I think that your last sentence actually gets close to what I am saying. If we are willing to see the nature of the body as more fluid than what we’ve experienced, then we can realize that 1st, 2nd, and 3rd church are all part of the same body. Therefore as the Lord leads, people have the freedom to follow, pursuing the missional purpose that He puts on their heart, blessed in their joining and blessed in their leaving.

    Maybe at that point, we would learn to discern the body around us, gathering at times for worship, teaching, and fellowship with those who are involved in our missional cause and also with those who are involved in other missional causes.

    I think that we have had much experience with pseudo-community without experiencing missional purpose, liminality, or communitas.

  6. wow.. that was one smokin’ post. i loved every last word of it, and i’m not just being a kiss a**.

    bring it, sister emerging grace.. you go ahead and bring it now.

    jeff

  7. Well Grace, you’re going have to let the old man rant. we have to develope an ” orthopraxy “, the modern view of the a theology of redemption that redeems souls has to be re-envisioned to redeeming “all” creation. The missional church will seek to redeem poverty,social justice, environment, politics, global inequality…redemption will be of Kingdom proportion, the very imagination of Jesus. The missional church will have a prophetic voice the speaks into all those situations. The missional church will have a theology that it lives…not just belives. This will be the missio dei of the missional church.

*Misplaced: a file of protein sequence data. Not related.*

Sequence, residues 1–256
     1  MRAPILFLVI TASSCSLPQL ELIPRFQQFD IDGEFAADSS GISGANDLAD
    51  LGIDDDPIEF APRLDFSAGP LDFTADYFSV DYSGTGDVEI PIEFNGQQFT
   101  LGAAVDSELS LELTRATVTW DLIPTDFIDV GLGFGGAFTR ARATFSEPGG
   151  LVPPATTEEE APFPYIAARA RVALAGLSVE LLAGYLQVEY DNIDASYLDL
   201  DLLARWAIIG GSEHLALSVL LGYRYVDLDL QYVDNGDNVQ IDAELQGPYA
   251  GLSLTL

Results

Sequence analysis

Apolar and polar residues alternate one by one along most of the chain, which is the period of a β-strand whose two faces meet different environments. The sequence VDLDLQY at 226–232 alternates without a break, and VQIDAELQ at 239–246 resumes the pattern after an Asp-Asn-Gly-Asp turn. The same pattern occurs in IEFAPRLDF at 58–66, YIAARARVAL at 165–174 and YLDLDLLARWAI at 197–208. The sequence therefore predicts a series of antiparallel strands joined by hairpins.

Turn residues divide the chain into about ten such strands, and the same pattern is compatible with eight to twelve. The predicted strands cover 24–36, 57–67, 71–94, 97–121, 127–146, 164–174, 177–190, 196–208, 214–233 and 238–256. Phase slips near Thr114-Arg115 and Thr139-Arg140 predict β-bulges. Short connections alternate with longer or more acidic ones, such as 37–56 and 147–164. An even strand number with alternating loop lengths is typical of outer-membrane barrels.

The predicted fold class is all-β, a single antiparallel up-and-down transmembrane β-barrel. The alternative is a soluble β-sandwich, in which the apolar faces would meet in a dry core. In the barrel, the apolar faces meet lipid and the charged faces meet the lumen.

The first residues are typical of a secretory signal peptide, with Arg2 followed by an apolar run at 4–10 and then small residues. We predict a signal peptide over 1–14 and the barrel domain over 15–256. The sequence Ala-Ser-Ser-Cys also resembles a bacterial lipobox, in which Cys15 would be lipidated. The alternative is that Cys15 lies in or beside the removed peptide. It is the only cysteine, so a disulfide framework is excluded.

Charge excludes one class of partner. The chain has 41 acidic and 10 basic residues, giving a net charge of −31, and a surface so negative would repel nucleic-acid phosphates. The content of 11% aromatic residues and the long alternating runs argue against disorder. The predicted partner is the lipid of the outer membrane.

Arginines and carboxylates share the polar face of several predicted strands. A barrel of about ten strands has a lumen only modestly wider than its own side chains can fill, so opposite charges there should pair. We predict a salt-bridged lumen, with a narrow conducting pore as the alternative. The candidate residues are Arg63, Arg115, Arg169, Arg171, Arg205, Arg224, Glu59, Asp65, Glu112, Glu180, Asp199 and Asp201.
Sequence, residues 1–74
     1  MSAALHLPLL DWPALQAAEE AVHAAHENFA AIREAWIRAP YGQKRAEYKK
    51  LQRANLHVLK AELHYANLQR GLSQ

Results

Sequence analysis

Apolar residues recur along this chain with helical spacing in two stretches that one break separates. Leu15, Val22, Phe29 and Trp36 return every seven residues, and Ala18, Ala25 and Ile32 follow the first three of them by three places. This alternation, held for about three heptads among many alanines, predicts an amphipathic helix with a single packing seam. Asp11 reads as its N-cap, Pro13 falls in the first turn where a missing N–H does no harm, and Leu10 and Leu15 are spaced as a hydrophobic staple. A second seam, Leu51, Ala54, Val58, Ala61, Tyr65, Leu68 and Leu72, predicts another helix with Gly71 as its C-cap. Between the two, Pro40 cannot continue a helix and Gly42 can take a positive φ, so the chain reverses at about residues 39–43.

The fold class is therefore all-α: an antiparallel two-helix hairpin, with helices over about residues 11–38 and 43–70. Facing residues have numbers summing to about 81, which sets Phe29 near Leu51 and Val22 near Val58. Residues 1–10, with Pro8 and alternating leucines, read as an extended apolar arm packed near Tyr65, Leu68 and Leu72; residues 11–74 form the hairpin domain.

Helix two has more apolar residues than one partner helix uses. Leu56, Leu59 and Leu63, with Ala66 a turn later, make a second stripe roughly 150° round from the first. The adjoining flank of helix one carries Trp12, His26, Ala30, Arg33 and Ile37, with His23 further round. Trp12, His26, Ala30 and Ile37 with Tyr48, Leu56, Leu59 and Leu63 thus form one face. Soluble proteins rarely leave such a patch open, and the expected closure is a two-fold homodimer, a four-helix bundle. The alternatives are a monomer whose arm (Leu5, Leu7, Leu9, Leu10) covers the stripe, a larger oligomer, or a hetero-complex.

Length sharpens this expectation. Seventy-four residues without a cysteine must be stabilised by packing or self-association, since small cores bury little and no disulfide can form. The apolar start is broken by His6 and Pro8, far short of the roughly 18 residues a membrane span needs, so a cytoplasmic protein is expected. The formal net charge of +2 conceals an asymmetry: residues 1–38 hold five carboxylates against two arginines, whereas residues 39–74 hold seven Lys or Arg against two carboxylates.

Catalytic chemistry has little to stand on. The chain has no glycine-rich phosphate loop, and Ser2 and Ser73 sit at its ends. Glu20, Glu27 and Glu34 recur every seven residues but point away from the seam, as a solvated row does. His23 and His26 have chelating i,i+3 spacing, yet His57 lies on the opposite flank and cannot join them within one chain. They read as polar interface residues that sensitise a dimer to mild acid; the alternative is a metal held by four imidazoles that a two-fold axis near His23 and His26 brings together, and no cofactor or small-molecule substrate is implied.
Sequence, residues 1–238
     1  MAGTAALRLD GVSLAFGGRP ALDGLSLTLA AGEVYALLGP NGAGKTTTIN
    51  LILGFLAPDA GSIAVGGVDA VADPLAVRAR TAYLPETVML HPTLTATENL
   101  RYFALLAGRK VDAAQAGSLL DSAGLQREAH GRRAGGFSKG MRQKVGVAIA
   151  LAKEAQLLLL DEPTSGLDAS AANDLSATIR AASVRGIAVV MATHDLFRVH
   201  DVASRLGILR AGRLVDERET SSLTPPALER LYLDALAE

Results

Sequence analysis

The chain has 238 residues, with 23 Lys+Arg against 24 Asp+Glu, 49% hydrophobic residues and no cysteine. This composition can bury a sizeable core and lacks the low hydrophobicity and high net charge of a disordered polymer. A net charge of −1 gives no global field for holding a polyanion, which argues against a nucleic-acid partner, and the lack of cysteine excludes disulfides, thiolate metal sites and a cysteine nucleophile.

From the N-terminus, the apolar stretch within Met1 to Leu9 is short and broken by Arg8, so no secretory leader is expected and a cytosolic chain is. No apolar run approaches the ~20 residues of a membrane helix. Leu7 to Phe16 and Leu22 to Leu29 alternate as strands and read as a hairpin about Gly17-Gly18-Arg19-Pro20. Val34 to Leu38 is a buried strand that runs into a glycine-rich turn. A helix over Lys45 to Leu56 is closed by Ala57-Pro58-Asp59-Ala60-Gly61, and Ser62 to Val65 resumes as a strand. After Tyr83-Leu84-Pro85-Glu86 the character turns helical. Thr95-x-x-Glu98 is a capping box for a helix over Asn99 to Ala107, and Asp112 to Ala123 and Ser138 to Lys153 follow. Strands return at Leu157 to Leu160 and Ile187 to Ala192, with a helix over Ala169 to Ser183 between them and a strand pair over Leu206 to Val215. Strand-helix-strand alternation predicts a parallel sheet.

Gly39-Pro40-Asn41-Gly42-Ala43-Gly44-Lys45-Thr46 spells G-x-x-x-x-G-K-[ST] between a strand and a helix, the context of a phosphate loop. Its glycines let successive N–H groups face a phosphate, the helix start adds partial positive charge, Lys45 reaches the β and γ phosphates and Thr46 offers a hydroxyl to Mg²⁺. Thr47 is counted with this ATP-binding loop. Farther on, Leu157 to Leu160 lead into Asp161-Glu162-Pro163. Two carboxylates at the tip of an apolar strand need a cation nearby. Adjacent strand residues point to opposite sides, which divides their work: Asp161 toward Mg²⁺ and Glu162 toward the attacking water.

The other thing is…it will jump ship so to speak, leaving the luxury cruisers it finds itself ( most churches in affluent neighbourhoods )…and setting off in life boats. It will live in transition in those liminal places where the poor, the orphan and widow live. Worship will become ( Romans 12 )…this will be the new song that is sung to the Lord.
    Anyways, I could share a story here, but I’m running out of room. But I hope this is not seen as a rant, but more as encouragement that we would be filled with the imagination of Christ as to what redemption really is…but more, how we will live that out. Pax…Ron+

  8. Grace,

    WOW. Maybe YOU should write a book!

    Excellent insights into the true nature of our ineffectiveness as Kingdom-advancers. Preach on!

  9. Thank you jeff and robby!
    I truly appreciate the encouragement.

    Ron,
    Thank you for your prophetic words, especially that our redemptive ideas would be inspired by the imagination of Jesus and empowered by the Spirit. Please feel free to rant here anytime!

  10. Grace,

    I love your thoughts here. I think this is one of the reasons why parachurch organizations are so much more missional than local churches–they focus on one main area, which everyone knows they’ve signing up to participate in together.

  11. John,
    I absolutely agree. The question always seems to be whether parachurch organizations are really a church. Instead maybe we should be asking if our churches are really missional communities, and if they aren’t, what are they?